National Flight Academy Lt. Col. Mary Story Memorial Fund, in care of Maine Wing Civil Air Patrol, P.O. Box 5006, Augusta, ME 04332-5006.WALTON — Francis Marshall, 77, of Fayette died Saturday, May 20 A funeral service will be held 3:30 p.m. on June 4 at Raymond Village Church, Raymond. Private visitation for the family will be from 2:45 to 3:15 p.m. Interment Riverside Cemetery, Plains Road, Raymond immediately following the funeral service. Arrangements by Finley Funeral Home, 15 Church St., Livermore Falls. In lieu of flowers, if desired, contributions may be made to Snow Pond Residential Care Center, Activities Fund, 888 Pond Road, Sidney, ME 04330; or Treat Memorial Library, 56 Main St., Livermore Falls, ME 04254. (Lewiston Sun Journal)

Mar 30, 2017

Everything's coming up primroses and poppies and ranunculuses, but these blooms won't last much longer

Ernie Cowan, president of the Anza-Borrego Foundation. “You come over a crest and there’s this long view of the desert … with the Salton Sea in the distance.”What you’ll see: As the road drops from an elevation of 4,000 feet to the desert floor, travelers can expect to see roadside cholla cactus and yellow brittlebush in bloom as well as tall green ocotillo tipped with fiery red blossoms.Continue into the town of Borrego Springs and head northeast to Henderson Canyon Road for the big show. You’ll see fields of yellow desert dandelions, purple sand verbena and white desert primrose. Desert sunflowers are starting to bloom here too.See more Times photos of the superbloom at Anza Borrego Desert State Park »When you’re ready to explore on foot, head to Desert Gardens north of town at the end of Di Giorgio Road. It’s a super-slow, winding drive on what becomes a dirt road.The main trail provides easy hiking in the flats, where you can see other types of wildflowers, such as Parish’s poppy. (It’s easy to mistake them for California poppies, except they’re buttery yellow rather than orange.)More adventurous hikers who want to dodge the crowds should head to Mine Wash, a marked stop off California Highway 78 south of Borrego Springs.Four-wheelers can drive the nine or so miles on the main trail, and hikers can walk in a few miles to see wildflowers plus Native American grinding stones and other ancient cultural sites.Road conditions/accessibility: Be calm, particularly if you’re visiting on a weekend. Traffic has been heavy and has caused delays on the two-lane, winding roads around the park and Borrego Springs. Go early and stay late to avoid getting caught in the worst of it.Also take lots of water, sunscreen, a hat and sturdy shoes, even if you’re just planning to wander even slightly off the road.Directions: The drive from downtown Los Angeles to the park takes about three hours. There are several ways to go; best to map a route in advance and check traffic conditions. One of the most scenic routes is Highway 79 to S22, which will take you to the park and the town of Borrego Springs.Info: Call the park’s hotline for the latest wildflower updates at (760) 767-4684. You can download a flower map in advance.The Visitor Center is open 9 a.m. to 5 p.m. daily and has lots of info but may be crowded and hard to access depending on when you go. Information kiosks stocked with maps and water are set up along Palm Canyon Road in Borrego Springs to guide visitors to the blooms.Antelope Valley Poppy Reserve15 miles west of LancasterChino Hills State Park10 miles northwest of CoronaThey don’t call California the Golden State for nothing. The stat... (Los Angeles Times)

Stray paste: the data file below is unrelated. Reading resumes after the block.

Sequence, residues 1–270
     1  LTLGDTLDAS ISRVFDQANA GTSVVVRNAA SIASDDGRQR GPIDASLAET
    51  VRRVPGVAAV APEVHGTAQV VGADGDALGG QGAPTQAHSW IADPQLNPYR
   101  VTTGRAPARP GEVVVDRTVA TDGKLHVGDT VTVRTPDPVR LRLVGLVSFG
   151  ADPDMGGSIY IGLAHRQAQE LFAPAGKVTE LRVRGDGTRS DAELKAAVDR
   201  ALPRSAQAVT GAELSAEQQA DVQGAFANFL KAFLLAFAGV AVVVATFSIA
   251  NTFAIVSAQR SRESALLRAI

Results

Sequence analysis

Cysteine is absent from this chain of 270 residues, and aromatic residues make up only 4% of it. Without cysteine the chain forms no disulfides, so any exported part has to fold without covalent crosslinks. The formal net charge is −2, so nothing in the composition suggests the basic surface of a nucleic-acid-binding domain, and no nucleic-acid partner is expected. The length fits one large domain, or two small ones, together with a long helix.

Mar 30, 2017

Combee, Rose Gearin (Dalton)

Rose Gearin Combee, 68, of Dalton, Georgia, passed away Tuesday, March 28, 2017 at her residence.She was the daughter of the late Lawrence and Charlotte Reinsberg Gearin; and was also preceded in death by her infant daughter, Tiffany Anne Combee; grandson, Paul Wesley Nipper; brother, Larry Joseph Gearin; and sister, Muriel Browne.Rose was a member of Varnell United Methodist Church where she taught Sunday school for 37 years.She was the Clerk of the Court for the City of Varnell for 17 years and was a Cub Scout, Brownie and Girl Scout Leader. Rose was a member of the Varnell Community Club where she served as president and secretary. She was the 2007 United Way volunteer of the year, a member of the Whitfield/Murray Historical Society, a volunteer at Varnell Elementary School and a volunteer at many community functions.Rose is survived by her loving husband of 46 years, Ben Lamar Combee of the residence; son and daughter-in-law, Benjamin and Annelies Combee of Austin, TX; daughter and son-in-law, Cynthia and Wil... (The Chattanoogan)